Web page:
Architecture | Sculpture
The splendid buildings found at Green Mount are a lasting testament to some of Baltimore’s earliest and most notable architects.
The Entrance Gateway – Robert Cary Long, Jr.
The Entrance Gateway was designed by Robert Cary Long, Jr. (1810-1849). The existing building is actually the second design submitted by Long for this site. His original proposal was in the Egyptian style, which would have reflected the funerary monuments of the day. Long’s first design, along with an early rendition of the Cemetery Grounds is in the possession of the Cemetery.
Long’s second design was published as a lithograph in 1837, but construction did not begin until about 1840 and may have continued until 1846. The Entrance Gateway is in the Tudor/Gothic Style. This building features two towers reaching forty feet into the air, stain glass windows, and cathedral ceilings. The Entrance Gateway is also home to the Cemetery’s Offices and a Waiting Room.
In addition to the Entrance Gateway, Robert Cary Long, Jr. also designed Green Mount’s original mausoleum. We know that the original was designed in the Egyptian Style, that it measured 28’ by 28’, and that it was erected in 1840 by William McPherson. Unfortunately, we have been unable to locate any images or blueprints of this building. The Oliver Family Vault and many of the in-ground vaults scattered throughout the Cemetery were also designed by Long.
Robert Cary Long, Jr. was born in Baltimore on February 5, 1810, the son of architect Robert Cary Long, Sr. (c1770-1833). The elder Long was Baltimore’s first native-born architect, the younger, Baltimore’s first native-born professionally-trained architect. The elder Long began his career as a carpenter or house carpenter, a trade we would describe as a builder or general contractor. He became a self-taught architect, his Baltimore buildings altogether professional in design including Davidge Hall (The University of Maryland School Of Medicine), the Union Bank, the Third St. Paul’s Episcopal Church, and the Peale Museum. The first and last of these still stand as do the walls of St. Paul’s, incorporated in the present church after the fire of 1854.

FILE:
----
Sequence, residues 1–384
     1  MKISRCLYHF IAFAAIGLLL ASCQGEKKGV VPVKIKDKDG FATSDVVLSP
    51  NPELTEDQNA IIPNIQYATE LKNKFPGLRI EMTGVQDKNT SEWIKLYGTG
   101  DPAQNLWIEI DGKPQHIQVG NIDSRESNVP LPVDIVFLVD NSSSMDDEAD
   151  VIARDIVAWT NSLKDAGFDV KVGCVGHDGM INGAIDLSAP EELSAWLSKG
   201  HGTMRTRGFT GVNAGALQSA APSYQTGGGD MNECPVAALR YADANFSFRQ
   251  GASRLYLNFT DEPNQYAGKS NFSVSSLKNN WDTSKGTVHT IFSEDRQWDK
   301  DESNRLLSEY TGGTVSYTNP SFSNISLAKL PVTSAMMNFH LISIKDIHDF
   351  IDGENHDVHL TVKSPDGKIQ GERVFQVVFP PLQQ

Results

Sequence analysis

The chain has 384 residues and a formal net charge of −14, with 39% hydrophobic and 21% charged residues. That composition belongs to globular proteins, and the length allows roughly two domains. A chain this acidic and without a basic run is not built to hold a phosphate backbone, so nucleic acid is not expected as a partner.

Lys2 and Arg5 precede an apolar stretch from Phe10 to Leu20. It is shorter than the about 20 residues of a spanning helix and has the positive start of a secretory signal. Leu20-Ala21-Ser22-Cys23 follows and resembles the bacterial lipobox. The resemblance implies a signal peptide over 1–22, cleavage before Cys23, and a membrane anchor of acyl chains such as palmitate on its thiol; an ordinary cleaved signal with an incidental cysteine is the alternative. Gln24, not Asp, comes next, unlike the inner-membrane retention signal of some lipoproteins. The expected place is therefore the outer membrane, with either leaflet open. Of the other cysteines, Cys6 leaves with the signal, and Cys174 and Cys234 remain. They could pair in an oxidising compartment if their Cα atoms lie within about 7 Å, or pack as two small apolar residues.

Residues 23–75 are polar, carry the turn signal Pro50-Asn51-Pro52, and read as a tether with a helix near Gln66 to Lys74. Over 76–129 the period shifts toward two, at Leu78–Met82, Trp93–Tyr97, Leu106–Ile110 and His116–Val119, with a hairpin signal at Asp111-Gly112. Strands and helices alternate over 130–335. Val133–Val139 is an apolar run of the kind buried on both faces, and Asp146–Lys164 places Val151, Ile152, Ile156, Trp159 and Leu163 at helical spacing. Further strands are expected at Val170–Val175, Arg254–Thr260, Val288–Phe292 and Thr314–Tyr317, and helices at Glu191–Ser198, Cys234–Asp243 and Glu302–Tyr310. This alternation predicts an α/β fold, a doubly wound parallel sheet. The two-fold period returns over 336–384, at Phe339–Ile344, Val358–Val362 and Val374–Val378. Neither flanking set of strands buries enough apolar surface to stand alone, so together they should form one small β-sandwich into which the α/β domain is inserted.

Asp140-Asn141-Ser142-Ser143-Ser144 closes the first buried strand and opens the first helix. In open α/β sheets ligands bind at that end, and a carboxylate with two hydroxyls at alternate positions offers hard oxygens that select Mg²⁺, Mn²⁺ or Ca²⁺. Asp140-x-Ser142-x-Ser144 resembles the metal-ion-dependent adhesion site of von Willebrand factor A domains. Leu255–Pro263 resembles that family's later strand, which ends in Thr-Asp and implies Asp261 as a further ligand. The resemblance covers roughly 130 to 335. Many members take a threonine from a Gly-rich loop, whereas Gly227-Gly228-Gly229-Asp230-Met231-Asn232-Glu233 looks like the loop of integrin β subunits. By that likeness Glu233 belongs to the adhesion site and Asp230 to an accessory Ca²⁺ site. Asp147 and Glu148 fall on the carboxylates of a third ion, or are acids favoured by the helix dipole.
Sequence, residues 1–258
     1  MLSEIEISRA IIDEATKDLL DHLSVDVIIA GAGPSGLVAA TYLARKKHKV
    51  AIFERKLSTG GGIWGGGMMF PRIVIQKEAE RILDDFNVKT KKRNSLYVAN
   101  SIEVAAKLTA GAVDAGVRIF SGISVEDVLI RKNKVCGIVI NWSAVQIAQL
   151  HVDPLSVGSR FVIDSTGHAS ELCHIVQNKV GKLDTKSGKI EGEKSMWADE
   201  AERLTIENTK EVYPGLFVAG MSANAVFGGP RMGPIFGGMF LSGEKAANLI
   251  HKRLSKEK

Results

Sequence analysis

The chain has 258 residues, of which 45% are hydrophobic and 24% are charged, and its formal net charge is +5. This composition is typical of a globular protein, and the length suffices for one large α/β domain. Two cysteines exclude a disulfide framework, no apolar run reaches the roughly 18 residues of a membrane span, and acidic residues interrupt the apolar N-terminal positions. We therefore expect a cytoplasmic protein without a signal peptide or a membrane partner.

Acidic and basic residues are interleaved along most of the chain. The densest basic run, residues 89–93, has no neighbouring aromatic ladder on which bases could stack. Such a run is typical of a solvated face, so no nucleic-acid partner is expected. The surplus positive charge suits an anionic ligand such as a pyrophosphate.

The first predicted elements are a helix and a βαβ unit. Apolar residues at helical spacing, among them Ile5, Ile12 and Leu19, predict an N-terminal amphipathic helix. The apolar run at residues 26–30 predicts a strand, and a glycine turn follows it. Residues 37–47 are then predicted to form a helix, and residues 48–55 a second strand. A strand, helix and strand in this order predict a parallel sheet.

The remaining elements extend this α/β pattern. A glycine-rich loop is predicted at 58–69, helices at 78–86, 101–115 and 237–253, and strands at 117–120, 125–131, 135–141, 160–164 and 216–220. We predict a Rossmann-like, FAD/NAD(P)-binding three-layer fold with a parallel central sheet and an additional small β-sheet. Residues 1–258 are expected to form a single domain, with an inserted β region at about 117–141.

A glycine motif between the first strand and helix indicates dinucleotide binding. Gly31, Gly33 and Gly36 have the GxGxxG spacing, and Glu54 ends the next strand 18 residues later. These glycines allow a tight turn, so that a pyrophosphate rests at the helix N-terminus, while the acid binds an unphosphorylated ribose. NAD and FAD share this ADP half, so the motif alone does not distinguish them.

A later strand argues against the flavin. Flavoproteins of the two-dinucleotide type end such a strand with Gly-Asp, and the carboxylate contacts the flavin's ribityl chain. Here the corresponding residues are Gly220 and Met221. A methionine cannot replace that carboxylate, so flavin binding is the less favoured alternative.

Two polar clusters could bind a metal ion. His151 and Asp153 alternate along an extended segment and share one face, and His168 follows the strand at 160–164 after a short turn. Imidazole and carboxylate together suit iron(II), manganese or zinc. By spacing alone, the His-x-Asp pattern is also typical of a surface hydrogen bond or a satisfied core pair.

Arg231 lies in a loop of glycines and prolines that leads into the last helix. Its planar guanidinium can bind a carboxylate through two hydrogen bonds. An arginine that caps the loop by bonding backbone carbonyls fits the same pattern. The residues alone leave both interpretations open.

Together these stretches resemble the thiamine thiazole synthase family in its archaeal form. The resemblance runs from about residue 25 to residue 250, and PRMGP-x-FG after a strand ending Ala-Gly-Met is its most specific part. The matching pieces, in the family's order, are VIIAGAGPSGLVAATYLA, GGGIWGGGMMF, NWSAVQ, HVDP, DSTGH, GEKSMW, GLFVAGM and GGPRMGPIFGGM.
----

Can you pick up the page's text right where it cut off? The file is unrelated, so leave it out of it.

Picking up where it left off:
After the younger Long’s education in St. Mary’s College in Baltimore, the elder Long arranged for his son to apprentice in the New York office of Martin E. Thompson with Ithiel Towne, one of America’s first prestigious architectural offices, there being nothing comparable in Baltimore. After his father’s death in 1833, young R. Cary (as he styled himself) returned to Baltimore to continue his father’s practice.
Cary Long excelled in all the prevalent styles of the day, principally the Greek and Gothic revivals, the Egyptian, and finally the Italianate. The Baltimore Architecture Foundation has collected documentation for some eighty buildings by him and a few studied attributions. He was an architectural scholar and lecturer with eight known articles or publications and six documented lectures or series of lectures on architectural history and principals of design.